The Lies We Were Told
What do you do once you know the truth?
Growing up, we were told many lies. Some were pretty harmless like, Santa Claus brings us presents, the Easter Bunny brings us chocolate and the tooth fairy gives us money for each tooth that we put under our pillow. As we grew up we learned the truth (sometimes it was a bit of a shock), but we survived and moved on. But, some lies we still believe and continue to pass on to others as the law of life and those lies are very harmful.
The main lie is that we “need” to eat animals to get protein in order to for us to survive. I hate to hurt anybody’s feelings with the truth, but the reality is, we don’t “need” to eat animals or their by-products in order for us to survive and thrive. In fact, just the opposite is true. By not eating animals and their by-products (eggs, milk, cheese, etc.), we will not only survive and thrive but, we are likely to live a long life and most likely not suffer from debilitating food-related diseases, like heart disease, Type 2 diabetes, high blood pressure, high cholesterol, obesity and many cancers. I’m not making this stuff up. There is real science to back this statement plus, as a living experiment, I know first hand what not eating animals and their by-products can do to reverse the above listed health issues.
Before someone jumps up and down about how the Bible says it’s OK to eat animals, let me give you a little background so that this Bible angle can be addressed. No matter what version of the Bible you care to read, it clearly states in Genesis 1:30 (NIV) “I give you every green plant for food.” I have read God’s covenant with Noah in Genesis 9:3 (NIV) “Everything that lives and moves will be food for you. Just as I gave you the green plants, I now give you everything.”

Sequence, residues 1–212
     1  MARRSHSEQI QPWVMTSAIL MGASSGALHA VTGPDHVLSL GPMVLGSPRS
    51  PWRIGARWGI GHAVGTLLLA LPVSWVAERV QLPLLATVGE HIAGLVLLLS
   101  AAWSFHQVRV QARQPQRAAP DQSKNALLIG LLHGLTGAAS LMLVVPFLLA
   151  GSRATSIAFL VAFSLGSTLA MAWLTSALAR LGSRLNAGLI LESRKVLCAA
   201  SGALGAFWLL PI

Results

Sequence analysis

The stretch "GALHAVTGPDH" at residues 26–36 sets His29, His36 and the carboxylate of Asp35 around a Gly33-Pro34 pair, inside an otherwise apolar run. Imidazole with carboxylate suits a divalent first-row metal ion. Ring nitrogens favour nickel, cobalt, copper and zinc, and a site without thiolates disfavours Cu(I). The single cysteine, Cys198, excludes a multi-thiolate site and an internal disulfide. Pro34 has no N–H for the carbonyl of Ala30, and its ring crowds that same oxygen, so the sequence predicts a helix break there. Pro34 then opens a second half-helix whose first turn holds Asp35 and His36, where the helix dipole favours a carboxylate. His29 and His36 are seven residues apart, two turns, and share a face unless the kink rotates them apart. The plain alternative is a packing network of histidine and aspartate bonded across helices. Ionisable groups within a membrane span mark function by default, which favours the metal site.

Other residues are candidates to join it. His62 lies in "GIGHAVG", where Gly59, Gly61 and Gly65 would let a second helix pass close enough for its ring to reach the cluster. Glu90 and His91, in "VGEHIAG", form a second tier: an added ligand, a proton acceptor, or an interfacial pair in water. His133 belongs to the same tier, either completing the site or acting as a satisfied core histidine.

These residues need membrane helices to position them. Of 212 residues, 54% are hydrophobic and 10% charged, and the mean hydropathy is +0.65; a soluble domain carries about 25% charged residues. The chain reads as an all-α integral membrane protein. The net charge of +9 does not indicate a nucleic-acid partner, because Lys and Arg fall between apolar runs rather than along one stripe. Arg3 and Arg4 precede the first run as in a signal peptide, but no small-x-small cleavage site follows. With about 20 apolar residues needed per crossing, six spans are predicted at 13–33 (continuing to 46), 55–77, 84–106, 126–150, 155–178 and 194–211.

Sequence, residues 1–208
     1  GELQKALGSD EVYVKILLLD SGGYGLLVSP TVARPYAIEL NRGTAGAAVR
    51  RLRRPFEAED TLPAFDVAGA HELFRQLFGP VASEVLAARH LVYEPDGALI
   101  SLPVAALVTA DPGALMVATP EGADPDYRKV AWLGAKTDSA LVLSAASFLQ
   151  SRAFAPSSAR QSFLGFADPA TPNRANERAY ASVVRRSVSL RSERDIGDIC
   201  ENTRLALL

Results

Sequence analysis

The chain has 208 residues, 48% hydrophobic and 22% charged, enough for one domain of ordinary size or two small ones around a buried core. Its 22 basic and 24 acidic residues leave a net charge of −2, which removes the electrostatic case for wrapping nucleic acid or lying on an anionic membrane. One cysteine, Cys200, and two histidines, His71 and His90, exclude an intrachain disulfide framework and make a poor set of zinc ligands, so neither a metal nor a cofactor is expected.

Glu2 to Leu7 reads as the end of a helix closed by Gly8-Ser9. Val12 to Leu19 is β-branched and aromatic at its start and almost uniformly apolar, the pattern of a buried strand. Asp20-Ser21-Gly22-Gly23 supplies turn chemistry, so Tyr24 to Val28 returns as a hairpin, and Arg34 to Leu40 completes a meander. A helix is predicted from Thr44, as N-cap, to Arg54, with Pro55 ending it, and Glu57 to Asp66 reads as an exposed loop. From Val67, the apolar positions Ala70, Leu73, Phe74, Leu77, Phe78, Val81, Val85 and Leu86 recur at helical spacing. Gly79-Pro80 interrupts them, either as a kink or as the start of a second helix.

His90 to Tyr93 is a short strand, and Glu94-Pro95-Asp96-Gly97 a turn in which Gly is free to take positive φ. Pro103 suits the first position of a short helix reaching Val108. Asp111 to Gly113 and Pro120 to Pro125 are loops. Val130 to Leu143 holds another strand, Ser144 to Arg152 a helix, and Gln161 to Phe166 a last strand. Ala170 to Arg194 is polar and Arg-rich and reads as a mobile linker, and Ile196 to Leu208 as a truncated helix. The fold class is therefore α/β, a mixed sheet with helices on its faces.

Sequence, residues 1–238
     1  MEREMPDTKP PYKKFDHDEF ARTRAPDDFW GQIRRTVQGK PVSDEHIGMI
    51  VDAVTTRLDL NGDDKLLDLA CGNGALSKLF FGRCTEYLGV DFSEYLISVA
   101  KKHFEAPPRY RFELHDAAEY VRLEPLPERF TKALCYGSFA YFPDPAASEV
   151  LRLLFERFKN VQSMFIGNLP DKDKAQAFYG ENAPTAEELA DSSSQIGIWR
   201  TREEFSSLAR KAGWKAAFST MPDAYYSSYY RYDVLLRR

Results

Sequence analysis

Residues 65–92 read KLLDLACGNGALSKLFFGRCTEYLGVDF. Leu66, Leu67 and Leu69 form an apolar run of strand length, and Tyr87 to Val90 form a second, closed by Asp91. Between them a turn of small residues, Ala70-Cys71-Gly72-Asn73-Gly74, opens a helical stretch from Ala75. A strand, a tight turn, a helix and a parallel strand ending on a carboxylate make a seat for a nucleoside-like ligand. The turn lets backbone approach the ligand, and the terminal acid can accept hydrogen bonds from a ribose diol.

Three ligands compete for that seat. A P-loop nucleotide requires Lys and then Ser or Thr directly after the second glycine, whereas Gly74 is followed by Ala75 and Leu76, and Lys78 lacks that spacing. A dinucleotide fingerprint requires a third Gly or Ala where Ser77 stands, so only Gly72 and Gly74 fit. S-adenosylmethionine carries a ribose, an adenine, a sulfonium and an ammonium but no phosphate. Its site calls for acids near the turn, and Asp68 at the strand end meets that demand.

Now, just because God says it’s OK to eat everything that moves doesn’t mean you have to eat it. It isn’t a commandment. It is an offer. Are you up for some deep fried bull’s testicles? How about some chocolate covered spiders? Stuffed rat, anyone? Care to recipe swap? I’ve got a great recipe for snake soup and la tête du veau? Come on, it’s OK; God said so. (Actually, I don’t have a recipe for snake soup or baby calf’s head, but I do have an awesome spinach edamame hummus recipe.)
Remember the Commandments? “Thou shall not kill.” Animals were considered valuable. Back then animals were killed as offerings to show reverence to God. They were not mass-produced, had their beaks cut off, and stripped of their feathers rolled in flour, dumped in oil and thrown into a bucket served with a side of cole slaw, mashed potatoes and a biscuit.
Just because something is allowed doesn’t mean you have to partake of it. Did your mother ever say something to you like, “If your friends were going to jump off a bridge would you do it, too?” You don’t have to do something just because it’s what the other kids are doing. It is OK to do the right thing, even if it is considered unpopular. “Everything is permissible – but not everything is beneficial. Everything is permissible – but not everything is constructive. Nobody should seek his own good, but the good of others.” That wise quote comes from 1st Corinthians 10:23-24 (NIV).
Take for example Daniel from which we get the Biblically-famous Daniel diet. Daniel along with Adam and Eve, Noah and his family (before the flood) were vegans. Daniel got a little grief over what he ate but it is a teachable moment for the rest of us.